Allo' Expat Curacao - Connecting Expats in Curacao
Main Homepage
Allo' Expat Curacao Logo


Subscribe to Allo' Expat Newsletter
 
Check our Rates
   Information Center Curacao
Curacao General Information
 
History of Curacao
Curacao Culture
Curacao Cuisine
Curacao Geography
Curacao Population
Curacao Government
Curacao Economy
Curacao Communications
Curacao Transportations
Curacao Military
Curacao Transnational Issues
Curacao Healthcare
Curacao People, Language & Religion
Curacao Expatriates Handbook
Curacao and Foreign Government
Curacao General Listings
Curacao Useful Tips
Curacao Education & Medical
Curacao Travel & Tourism Info
Curacao Lifestyle & Leisure
Curacao Business Matters
  Sponsored Links


Check our Rates

Curacao Government
 
 
 

General

Curaçao gained self-government on 1 January 1954 as an island territory of the Netherlands Antilles. Despite this, the islanders did not fully participate in the political process until after the social movements of the late '60s. In the 2000s the political status of the island has been under discussion again, as for the other islands of the Netherlands Antilles, regarding the relationship with the Netherlands and between the islands of the Antilles.

In a referendum held on 8 April 2005, the residents voted for a separate status outside the Netherlands Antilles, like Aruba, rejecting the options for full independence, becoming part of the Netherlands, or retaining the status quo. In 2006, Emily de Jongh-Elhage, a resident of Curaçao, was elected as the new prime minister of the Netherlands Antilles, and not Curaçao.

On 1 July 2007, the island of Curaçao was due to become a country within the Kingdom of the Netherlands. On 28 November 2006, the island council rejected a clarificatory memorandum on the process. On 9 July 2007 the new island council of Curaçao approved the agreement previously rejected in November 2006. On 15 December 2008, Curaçao was scheduled to become a separate country within the Kingdom of the Netherlands (like Aruba and the Netherlands Antilles are now). A non-binding referendum on this plan took place in Curaçao on 15 May 2009, in which 52% of the voters supported these plans.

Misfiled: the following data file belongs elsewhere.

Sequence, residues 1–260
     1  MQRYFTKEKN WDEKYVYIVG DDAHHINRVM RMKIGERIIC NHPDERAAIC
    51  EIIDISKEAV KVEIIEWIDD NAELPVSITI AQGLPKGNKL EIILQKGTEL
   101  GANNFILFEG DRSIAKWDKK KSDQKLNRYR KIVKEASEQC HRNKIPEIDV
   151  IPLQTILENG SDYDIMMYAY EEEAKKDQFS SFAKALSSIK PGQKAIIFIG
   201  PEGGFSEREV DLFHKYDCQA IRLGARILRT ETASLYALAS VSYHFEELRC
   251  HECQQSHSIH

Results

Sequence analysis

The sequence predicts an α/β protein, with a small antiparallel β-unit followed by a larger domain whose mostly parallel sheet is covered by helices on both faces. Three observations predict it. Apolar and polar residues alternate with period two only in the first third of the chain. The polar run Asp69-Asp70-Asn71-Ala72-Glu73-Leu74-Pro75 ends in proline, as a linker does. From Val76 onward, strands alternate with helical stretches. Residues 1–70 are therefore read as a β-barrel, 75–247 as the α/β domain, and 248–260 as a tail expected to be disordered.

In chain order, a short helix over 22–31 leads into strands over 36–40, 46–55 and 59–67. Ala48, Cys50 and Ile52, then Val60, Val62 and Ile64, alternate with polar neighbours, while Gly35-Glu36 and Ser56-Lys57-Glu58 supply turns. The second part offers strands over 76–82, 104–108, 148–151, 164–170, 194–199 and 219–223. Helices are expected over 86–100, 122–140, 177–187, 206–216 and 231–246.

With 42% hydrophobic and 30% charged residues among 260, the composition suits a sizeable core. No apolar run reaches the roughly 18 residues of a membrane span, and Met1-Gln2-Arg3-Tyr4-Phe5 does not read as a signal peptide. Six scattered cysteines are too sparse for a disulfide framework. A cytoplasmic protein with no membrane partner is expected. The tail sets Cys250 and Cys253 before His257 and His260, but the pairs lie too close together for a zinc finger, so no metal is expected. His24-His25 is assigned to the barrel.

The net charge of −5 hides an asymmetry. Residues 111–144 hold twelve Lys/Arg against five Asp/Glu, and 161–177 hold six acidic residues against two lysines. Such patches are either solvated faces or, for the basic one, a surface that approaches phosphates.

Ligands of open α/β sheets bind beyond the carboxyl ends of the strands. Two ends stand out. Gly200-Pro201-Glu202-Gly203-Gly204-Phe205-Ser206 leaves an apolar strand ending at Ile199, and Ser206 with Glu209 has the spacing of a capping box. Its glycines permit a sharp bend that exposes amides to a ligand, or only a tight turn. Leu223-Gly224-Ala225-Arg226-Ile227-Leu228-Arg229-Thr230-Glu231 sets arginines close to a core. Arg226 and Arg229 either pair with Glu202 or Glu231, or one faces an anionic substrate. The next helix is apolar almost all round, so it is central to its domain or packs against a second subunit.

Dissolution of the Netherlands Antilles was effected on 10 October 2010. Curaçao is now a country within the Kingdom of the Netherlands, with the Kingdom retaining responsibility for defence and foreign policy. The Kingdom will also oversee the island's finances under a debt-relief arrangement agreed on between the two.

Executive power rests with a governor, and a prime minister heads a Cabinet. The governor of Curaçao is appointed for a six-year term by the monarch, and the prime minister and deputy prime minister are elected by the Staten for four-year terms.

Legislative power is shared by the government and the legislature. The legislature or Staten is made up of 21 members elected by direct, popular vote to serve four-year terms.

Curaçao's judicial system, which has mainly been derived from the Dutch system, operates independently of the legislature and the executive. Jurisdiction, including appeal, lies with the Common Court of Justice of Aruba and the Netherlands Antilles and the Supreme Court of Justice in the Netherlands.

Overview

Country name :
Dutch long form: Land Curaçao
Dutch short form: Curaçao
Papiamentu long form: Pais Korsou
Papiamentu short form: Korsou
former: Netherlands Antilles; Curaçao and Dependencies

Dependency status :
constituent country within the Kingdom of the Netherlands; full autonomy in internal affairs granted in 2010; Dutch Government responsible for defence and foreign affairs


See more information on the next page... (next)

 

 
 
   



 


copyrights © AlloExpat.com
2018 | Policy